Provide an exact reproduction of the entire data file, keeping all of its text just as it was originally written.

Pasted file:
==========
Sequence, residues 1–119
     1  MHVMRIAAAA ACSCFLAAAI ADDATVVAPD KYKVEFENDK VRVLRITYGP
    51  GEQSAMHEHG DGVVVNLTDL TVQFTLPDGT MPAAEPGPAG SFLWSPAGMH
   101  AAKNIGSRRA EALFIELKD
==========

Sequence, residues 1–119
     1  MHVMRIAAAA ACSCFLAAAI ADDATVVAPD KYKVEFENDK VRVLRITYGP
    51  GEQSAMHEHG DGVVVNLTDL TVQFTLPDGT MPAAEPGPAG SFLWSPAGMH
   101  AAKNIGSRRA EALFIELKD